Appearing on "Good Morning America" today, Obama senior adviser Robert Gibbs touted Biden's foreign policy experience and potential appeal among working class voters.
"We've got someone who hasn't forgotten where he's from, who goes home to Delaware every night on the train, has a working class background from Scranton," Gibbs told ABC News' Kate Snow. "[Biden] has a record of reaching across party lines to get things done not only in foreign affairs -- where he's an undisputed expert -- but somebody who's working to strengthen crime laws in the country, prevent violence against women, and work with Sen. Obama to strengthen fuel efficiency standards in the Congress."
Asked if Biden's extensive Washington experience highlights holes in Obama's own resume, Gibbs disagreed, saying the ticket-mates complement each other.
"I think we've got a great partnership of foreign and domestic policy to keep our country safe and get our economy moving again," Gibbs said. "We think we've got a great pick. ... We've got someone who's ready to partner with Barack Obama to bring change to this country."
While speculation about the veep choice whipped into a fever pitch this week, the frontruners kept mum. Biden, along with Sen. Evan Bayh, D-Ind., and Virginia Gov. Tim Kaine, all received calls about Obama's pick on Thursday, ABCNews has learned.
"Look, we're pretty good at keeping secrets and we pride our campaign on that," Gibbs said. "But what we're not afraid to do today is to talk about our nominee for vice president."
The McCain campaign wasted little time in hitting Obama's new vice presidential candidate, releasing a new 30-second ad with video of Biden criticizing Obama during a Democratic primary debate.
"I think he can be ready, but right now I don't think he is," Biden told ABC News debate moderator George Stephanopoulos in 2007. "The presidency is not something that lends itself to on-the-job training."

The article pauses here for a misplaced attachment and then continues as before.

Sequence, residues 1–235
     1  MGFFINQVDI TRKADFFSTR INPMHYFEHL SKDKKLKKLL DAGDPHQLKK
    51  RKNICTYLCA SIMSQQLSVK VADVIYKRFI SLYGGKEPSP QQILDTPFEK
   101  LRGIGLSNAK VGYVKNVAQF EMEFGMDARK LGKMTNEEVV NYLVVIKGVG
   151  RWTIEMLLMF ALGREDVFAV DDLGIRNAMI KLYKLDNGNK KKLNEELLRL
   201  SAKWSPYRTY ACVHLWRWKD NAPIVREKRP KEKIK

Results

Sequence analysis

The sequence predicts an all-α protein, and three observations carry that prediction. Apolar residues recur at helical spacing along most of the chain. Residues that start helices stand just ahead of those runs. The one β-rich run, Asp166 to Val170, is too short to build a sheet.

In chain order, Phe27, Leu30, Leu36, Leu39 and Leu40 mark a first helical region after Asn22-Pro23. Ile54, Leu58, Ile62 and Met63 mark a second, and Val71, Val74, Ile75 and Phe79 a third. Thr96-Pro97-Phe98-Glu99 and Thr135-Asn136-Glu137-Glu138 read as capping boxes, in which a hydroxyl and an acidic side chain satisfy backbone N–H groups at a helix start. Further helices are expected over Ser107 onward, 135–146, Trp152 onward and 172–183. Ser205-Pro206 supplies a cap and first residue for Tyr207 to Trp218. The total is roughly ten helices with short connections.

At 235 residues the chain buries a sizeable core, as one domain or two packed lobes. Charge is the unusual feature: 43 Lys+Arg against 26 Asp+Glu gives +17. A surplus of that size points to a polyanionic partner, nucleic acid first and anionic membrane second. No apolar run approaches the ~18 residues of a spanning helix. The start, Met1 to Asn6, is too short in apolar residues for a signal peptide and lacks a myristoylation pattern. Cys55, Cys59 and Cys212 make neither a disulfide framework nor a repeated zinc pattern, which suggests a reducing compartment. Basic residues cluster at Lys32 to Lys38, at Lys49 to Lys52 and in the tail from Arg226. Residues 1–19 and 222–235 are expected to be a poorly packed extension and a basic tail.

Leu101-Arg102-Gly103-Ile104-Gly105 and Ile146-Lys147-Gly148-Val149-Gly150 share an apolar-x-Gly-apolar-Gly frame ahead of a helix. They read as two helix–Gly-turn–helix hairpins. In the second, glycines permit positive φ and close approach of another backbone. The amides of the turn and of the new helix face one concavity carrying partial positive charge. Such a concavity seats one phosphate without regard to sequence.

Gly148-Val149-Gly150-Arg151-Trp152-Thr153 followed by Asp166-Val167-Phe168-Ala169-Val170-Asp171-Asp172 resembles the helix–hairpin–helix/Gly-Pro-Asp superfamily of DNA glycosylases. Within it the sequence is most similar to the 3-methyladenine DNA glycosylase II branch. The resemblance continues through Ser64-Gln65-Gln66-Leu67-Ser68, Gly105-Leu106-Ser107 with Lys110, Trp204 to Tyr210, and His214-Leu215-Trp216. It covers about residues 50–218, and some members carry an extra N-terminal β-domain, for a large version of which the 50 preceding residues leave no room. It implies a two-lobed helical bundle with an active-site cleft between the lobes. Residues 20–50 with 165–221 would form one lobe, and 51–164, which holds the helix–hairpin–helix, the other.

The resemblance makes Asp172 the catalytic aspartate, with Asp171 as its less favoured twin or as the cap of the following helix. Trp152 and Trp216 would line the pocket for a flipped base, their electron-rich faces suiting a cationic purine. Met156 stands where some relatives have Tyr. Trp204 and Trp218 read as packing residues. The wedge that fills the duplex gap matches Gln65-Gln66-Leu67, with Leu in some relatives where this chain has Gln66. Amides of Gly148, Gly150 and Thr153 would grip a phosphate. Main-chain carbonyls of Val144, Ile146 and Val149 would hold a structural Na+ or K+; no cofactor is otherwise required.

But despite the drama of the early morning text message and the quick McCain attack, ABC's polling director Gary Langer saw little measurable impact in either direction coming from Obama's vice presidential pick.
"As with previous vice presidential picks, Biden looks likely to have little if any direct effect on vote preferences," Langer wrote this morning. "In a new ABC News/Washington Post poll completed [Friday] night, 13 percent of registered voters said having Biden on the ticket would make them more likely to support Obama, while about as many, 10 percent, said it would make them less likely to do so. Most by far -- 75 percent -- said it would make no difference in their choice."
Though Delaware is among the smallest states in the country and its three electoral votes are reliably Democratic, Biden brings vast national political experience to the table.
Biden has cast more than 12,500 votes during his long political career. His significant Washington experience fills in a gap in Obama's resume, and yet is something that could work against Obama's outside-the-beltway style campaign.
And, as anyone who has covered Biden can attest, the senator likes to talk. That could be his greatest asset and his greatest liability as the number two on the Democratic ticket.